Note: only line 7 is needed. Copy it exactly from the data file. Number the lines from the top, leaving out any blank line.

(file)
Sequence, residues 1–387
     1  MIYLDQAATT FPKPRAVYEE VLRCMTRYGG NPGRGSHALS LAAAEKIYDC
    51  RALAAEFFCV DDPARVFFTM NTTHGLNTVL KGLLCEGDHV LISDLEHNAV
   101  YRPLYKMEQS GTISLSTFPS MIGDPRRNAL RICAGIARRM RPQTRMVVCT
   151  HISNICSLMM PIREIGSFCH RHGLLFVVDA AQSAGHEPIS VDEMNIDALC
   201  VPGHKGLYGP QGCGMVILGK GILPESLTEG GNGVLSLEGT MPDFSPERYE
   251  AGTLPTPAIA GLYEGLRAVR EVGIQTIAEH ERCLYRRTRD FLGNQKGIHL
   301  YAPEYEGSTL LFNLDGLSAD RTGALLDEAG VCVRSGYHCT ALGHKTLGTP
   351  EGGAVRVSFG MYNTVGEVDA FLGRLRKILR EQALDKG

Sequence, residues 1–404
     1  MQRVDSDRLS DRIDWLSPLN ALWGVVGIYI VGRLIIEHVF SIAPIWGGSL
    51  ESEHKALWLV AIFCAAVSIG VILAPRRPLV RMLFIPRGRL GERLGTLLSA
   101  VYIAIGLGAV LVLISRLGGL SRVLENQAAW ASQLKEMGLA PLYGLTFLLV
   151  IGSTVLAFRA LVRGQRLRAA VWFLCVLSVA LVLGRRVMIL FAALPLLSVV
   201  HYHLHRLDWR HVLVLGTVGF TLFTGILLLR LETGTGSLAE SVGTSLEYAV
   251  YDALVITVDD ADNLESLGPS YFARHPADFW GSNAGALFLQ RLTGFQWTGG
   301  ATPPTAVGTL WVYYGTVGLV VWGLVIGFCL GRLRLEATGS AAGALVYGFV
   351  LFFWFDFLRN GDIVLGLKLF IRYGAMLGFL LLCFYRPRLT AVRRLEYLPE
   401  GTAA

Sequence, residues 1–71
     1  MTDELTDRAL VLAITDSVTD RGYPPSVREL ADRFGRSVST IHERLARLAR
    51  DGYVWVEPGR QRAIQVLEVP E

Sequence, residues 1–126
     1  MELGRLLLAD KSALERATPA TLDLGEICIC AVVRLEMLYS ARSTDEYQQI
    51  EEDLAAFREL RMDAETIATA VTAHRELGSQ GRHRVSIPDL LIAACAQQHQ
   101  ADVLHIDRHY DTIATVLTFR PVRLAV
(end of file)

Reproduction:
   251  AGTLPTPAIA GLYEGLRAVR EVGIQTIAEH ERCLYRRTRD FLGNQKGIHL